Twitter worth $10 billion?
Is the social-networking site truly that valuable? Or are we seeing another tech bubble?
So it's no surprise that Twitter is watching its value notch up as well. Facebook, Google and others have held "low-level" acquisition talks with Twitter, and those discussions place the company's value at $8 billion to $10 billion, The Wall Street Journal reports. It was only in December that Twitter was valued at $4 billion.
Twitter allows people to post messages capped at 140 characters. Is the service truly worth $10 billion? At any rate, for all the big numbers being tossed about, the acquisition talks have gone nowhere, sources tell the Journal.
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Twitter certainly doesn't have the revenue to support that valuation, bringing in just $45 million in 2010, the Journal reported. The forecast for this year is in the $100 million to $110 million range.
"Are these prices justifiable based on financial multiples? No," one venture capitalist told the Journal. But these start-ups are building social services and have lots of data about their users and "the market is valuing that mightily right now."
Venture firm Andreessen Horowitz has high expectations for Twitter, reportedly snapping up more than $80 million in Twitter shares this week through private-company stock exchanges. Twitter execs want to grow the company into a $100 billion operation, the Journal reported.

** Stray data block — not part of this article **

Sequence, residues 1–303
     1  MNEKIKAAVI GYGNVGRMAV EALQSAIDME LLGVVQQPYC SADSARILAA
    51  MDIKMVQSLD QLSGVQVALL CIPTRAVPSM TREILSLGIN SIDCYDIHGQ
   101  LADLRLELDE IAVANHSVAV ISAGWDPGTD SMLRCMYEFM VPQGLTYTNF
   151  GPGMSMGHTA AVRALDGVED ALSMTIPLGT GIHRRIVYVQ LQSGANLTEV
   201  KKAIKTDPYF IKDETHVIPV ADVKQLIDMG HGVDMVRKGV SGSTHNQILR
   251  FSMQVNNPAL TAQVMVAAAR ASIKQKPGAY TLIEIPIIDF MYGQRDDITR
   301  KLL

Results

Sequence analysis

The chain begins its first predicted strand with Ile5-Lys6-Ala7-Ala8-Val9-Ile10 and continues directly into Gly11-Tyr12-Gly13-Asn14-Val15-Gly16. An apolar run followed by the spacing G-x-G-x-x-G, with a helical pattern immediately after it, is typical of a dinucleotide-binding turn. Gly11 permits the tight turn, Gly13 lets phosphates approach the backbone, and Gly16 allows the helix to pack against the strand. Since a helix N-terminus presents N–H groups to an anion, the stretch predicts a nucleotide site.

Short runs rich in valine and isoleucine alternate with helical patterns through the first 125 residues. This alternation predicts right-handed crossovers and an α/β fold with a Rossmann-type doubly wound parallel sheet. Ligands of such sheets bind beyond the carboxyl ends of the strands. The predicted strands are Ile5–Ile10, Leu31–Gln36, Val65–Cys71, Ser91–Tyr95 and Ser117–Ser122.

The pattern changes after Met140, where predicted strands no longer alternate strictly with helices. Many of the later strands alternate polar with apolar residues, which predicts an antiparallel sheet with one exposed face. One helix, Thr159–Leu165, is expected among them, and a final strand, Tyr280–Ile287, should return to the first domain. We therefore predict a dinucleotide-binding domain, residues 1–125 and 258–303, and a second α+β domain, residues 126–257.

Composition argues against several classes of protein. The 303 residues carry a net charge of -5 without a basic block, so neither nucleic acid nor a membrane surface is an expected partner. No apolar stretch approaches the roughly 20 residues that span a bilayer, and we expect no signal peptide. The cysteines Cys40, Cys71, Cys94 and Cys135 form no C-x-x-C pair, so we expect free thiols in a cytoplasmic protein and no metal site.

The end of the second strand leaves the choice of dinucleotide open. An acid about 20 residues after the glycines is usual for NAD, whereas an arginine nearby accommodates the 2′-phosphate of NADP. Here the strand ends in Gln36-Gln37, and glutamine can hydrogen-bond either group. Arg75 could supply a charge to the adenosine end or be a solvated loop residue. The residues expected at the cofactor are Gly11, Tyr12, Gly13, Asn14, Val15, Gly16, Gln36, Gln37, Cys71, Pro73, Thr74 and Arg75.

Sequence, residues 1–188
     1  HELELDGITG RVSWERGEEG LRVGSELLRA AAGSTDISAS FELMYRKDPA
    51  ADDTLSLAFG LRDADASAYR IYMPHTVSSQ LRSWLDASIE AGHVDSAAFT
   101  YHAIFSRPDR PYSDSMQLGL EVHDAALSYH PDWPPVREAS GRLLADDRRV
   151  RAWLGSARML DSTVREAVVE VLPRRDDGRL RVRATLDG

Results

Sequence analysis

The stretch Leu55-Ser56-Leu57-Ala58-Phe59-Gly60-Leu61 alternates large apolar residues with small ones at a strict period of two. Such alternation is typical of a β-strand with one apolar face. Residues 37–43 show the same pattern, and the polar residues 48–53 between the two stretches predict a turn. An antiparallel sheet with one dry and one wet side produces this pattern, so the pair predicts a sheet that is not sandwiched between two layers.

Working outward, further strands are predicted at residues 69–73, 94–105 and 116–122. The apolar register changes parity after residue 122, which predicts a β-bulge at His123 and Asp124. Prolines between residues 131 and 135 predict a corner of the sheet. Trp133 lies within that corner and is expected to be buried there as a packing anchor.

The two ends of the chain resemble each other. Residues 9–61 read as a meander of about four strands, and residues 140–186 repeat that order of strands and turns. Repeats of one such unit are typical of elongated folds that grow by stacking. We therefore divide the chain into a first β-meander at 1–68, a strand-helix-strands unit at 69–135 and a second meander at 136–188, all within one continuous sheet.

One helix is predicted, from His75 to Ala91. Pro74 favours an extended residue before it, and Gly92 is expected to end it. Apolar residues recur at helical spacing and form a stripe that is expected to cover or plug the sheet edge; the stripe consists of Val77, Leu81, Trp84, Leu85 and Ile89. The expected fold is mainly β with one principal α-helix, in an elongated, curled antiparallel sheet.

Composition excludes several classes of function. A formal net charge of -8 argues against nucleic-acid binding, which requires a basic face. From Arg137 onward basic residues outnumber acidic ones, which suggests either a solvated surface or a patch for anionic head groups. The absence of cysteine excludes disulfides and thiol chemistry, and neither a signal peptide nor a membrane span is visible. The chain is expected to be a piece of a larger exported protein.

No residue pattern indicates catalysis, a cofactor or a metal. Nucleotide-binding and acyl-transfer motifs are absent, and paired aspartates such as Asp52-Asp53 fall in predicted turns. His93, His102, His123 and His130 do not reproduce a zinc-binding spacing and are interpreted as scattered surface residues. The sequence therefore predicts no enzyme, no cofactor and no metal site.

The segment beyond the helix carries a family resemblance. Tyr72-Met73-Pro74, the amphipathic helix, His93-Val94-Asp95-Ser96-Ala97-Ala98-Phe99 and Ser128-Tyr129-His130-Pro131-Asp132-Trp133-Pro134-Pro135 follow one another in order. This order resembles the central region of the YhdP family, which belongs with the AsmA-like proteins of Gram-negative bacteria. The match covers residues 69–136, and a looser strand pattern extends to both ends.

Twitter has better real-time information than anyone else, even Facebook. Google, for all its search prowess, offers a real-time search that's mostly a collection of what people say on Twitter.
"One of the best things about Twitter, despite all the problems it has had in the not-too-distant past with reliability and other issues, is that it is totally, 100-percent focused on being a real-time communications network," writes Mathew Ingram on GigaOm.
Twitter has so much data and is so in tune with many of its 200 million registered users that it makes uncannily sound suggestions about who to follow. The service could do wonders with targeted advertising.
The Pew Research Center found that 62% of Internet users are Facebook, while only 12% use Twitter. With those numbers, Reuters' Felix Salmon writes that $10 billion doesn't seem too outrageous a valuation. "If Twitter is 20% the size of Facebook, and Facebook is worth $50 billion, then Twitter can be worth $10 billion, no?"
Wake up, KP.
No bubble, just a steady growth as government destroys local business by its fiscal negligence.
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Consumers are very status conscious in Asia, Africa and other emerging-market areas. This is especially true in China.
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